Multicasting ← “One to many”
Manages the multicast group membership to neighboring switches and routers in a network

File Transfer Protocol

File transfers

21: TCP
When transferring standard files through a FTP server and a FTP client
No encoding or overhead
A bit insecure caused by the wireless attack “FTP bouncing”

Secure File Transfer Protocol

Secure file transfers

22: TCP
Encrypted with SSH
More secure than FTP

Remote Desktop Protocol

Remote connections

33389: TCP/UDP

Remote desktop connections through RDP client software
Firewalls can block RDP Protocols for security measures

Simple mail transfer protocol


25: TCP

Describes and manages how an e-mail is sent from one computer to another
Email client > SMTP Server > Internet >POP/IMAP server > Email client

Post Office Protocol 3

110: TCP
A “Client download” from the internet to get emails
by default typically copies from server > then deletes file from server (Can be changed)

Internet Message Access Protocol

143: TCP
More robust version of POP3
More configuration ability
Keeps copy of message on server

Hypertext transfer protocol

Web page formatting

80: TCP
HTTP transfers the HTML/programming
Web browsers sends a “get” request to a web server
All in clear text/nothing hidden or encrypted

HTTP Secure

Web page formatting securely
443: TCP
Encrypted HTTP over SSL
Certificate between client/server
Info not cleartext

Secure Shell

Secure connections

22: TCP
Encrypted connection between ports
May work with other protocols such as Telnet, rlogin and RSH

Transport Layer Security

Secure connections

/varies from program that uses it/
Successor to SSL- Small differences, but they’re mainly alike
Used on different ports depending on which protocol they are securing


Remote connections

Remote terminal connection to another computer/device
Unencrypted logins to connections/networks
SSH is replacing Telnet or other encrypted connections caused by the non-secure sessions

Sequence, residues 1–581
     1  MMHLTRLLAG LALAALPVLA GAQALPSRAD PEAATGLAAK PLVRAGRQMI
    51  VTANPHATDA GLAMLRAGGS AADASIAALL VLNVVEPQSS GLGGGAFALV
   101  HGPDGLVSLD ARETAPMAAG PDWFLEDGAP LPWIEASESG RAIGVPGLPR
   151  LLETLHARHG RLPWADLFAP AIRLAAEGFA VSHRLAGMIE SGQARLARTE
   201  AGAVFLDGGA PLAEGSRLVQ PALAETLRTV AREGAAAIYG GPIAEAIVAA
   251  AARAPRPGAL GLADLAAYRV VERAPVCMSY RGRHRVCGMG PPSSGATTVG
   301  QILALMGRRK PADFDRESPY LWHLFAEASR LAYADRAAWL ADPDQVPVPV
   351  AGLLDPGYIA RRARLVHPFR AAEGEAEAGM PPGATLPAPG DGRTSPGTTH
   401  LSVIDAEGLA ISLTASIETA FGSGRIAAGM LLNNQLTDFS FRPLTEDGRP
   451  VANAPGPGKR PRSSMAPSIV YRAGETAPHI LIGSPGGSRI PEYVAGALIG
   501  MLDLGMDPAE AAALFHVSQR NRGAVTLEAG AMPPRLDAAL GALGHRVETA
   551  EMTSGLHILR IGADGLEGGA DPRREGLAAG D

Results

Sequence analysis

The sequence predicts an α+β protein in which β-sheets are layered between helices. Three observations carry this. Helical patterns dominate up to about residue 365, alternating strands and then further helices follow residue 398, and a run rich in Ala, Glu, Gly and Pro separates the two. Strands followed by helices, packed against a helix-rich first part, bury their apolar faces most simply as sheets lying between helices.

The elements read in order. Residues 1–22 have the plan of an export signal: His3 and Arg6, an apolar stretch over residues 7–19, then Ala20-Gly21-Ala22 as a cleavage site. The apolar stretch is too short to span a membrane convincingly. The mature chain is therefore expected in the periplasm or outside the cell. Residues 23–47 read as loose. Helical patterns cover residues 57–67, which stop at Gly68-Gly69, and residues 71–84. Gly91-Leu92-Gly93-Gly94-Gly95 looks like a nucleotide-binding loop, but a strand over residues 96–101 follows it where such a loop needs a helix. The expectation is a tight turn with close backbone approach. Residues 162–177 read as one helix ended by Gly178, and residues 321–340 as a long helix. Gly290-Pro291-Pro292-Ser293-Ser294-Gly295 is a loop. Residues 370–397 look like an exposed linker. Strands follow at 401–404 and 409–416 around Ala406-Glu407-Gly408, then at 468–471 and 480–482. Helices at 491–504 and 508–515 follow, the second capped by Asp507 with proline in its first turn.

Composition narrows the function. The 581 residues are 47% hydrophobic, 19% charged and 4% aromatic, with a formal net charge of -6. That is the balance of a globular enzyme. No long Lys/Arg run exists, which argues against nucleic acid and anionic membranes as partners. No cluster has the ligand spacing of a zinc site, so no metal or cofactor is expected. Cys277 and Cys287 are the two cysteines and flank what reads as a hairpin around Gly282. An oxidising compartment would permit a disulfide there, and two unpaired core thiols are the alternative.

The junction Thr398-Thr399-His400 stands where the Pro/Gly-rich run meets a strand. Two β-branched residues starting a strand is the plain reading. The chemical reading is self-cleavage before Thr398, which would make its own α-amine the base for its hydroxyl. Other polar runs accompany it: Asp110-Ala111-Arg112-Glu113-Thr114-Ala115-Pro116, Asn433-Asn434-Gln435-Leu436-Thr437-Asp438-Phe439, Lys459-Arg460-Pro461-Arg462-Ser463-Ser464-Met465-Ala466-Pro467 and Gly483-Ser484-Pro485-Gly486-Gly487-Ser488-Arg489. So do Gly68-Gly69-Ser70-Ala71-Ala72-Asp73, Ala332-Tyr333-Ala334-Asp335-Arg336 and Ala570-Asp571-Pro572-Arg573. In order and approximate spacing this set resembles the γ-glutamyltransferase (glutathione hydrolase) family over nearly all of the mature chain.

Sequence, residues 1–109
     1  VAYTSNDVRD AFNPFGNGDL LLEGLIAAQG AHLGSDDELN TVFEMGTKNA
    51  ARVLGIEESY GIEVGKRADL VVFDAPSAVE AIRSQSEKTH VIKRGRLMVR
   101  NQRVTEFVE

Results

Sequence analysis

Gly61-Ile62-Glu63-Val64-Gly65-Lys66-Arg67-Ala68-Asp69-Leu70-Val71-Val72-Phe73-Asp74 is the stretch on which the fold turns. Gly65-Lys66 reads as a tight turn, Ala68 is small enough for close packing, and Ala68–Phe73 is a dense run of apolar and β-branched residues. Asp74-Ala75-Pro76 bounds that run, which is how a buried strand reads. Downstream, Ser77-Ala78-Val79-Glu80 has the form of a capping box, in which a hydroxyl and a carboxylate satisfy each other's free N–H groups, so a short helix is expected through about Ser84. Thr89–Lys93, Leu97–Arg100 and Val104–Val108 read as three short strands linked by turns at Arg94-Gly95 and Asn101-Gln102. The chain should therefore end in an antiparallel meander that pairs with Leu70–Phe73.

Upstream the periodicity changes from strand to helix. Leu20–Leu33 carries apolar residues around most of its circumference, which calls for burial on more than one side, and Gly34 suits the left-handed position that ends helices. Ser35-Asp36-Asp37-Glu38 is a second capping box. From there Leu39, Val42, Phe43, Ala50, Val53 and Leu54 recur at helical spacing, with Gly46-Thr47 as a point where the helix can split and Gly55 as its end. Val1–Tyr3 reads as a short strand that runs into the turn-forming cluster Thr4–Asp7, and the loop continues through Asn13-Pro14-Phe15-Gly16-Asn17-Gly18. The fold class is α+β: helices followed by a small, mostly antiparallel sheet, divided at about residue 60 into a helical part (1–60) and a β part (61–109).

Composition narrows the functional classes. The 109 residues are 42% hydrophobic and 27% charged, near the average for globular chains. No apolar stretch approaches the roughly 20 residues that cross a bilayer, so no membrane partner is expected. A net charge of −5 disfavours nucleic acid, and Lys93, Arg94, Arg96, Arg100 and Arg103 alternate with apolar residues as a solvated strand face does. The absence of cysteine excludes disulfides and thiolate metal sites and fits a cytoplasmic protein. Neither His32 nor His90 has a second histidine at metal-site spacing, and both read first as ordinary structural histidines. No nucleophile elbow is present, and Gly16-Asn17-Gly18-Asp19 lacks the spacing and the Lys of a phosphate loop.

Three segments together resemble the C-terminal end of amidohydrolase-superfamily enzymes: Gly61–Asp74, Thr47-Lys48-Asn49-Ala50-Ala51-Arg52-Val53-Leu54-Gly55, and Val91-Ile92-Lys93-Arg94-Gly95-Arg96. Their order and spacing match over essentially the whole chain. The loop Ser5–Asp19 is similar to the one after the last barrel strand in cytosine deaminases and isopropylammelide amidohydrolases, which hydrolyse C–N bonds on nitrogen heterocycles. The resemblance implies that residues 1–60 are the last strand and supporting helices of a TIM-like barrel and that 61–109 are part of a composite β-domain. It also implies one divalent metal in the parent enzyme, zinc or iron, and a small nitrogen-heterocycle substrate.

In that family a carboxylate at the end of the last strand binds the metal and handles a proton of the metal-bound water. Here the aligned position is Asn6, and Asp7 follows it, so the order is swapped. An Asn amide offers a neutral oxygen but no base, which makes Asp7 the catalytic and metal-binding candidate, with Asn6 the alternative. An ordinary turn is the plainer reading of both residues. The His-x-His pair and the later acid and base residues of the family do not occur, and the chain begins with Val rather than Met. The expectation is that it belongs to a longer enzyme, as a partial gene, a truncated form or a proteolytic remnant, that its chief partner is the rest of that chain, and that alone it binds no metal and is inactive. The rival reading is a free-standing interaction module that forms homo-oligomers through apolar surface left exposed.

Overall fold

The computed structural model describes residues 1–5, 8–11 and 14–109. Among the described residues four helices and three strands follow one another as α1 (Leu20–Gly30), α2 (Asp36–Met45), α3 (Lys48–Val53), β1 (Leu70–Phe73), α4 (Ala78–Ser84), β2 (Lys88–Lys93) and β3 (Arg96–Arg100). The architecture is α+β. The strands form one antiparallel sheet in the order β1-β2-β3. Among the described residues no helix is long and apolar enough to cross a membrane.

Session Initiation Protocol

Session establish
5060: UDP/TCP
SIP is an application-layer control protocol that can establish, modify, and terminate multimedia sessions (conferences) such as Internet telephony calls.

-Opens the door for RTP:
-Only initiates a session, but sends no data
-Indicates to remote computer to open port for communication
-“please open this port that we set up for this device”

Real Time Protocol

real time Information sending

/varies depending on customization/

Initiated between communicating peers such as SIP
A network protocol for delivering Stream/ video/audio/voice
Detects out of sequence arrival (Can be detected if some packets are out of sequence and adjust for that)

Share with Friends
Use Cybytes and
Tip the Author!
Share with Friends
Ready to share your knowledge and expertise?
Comment on This

You must be logged in to post a comment.

Our Revolution

We believe Cyber Security training should be free, for everyone, FOREVER. Everyone, everywhere, deserves the OPPORTUNITY to learn, begin and grow a career in this fascinating field. Therefore, Cybrary is a free community where people, companies and training come together to give everyone the ability to collaborate in an open source way that is revolutionizing the cyber security educational experience.

Support Cybrary

Donate Here to Get This Month's Donor Badge


We recommend always using caution when following any link

Are you sure you want to continue?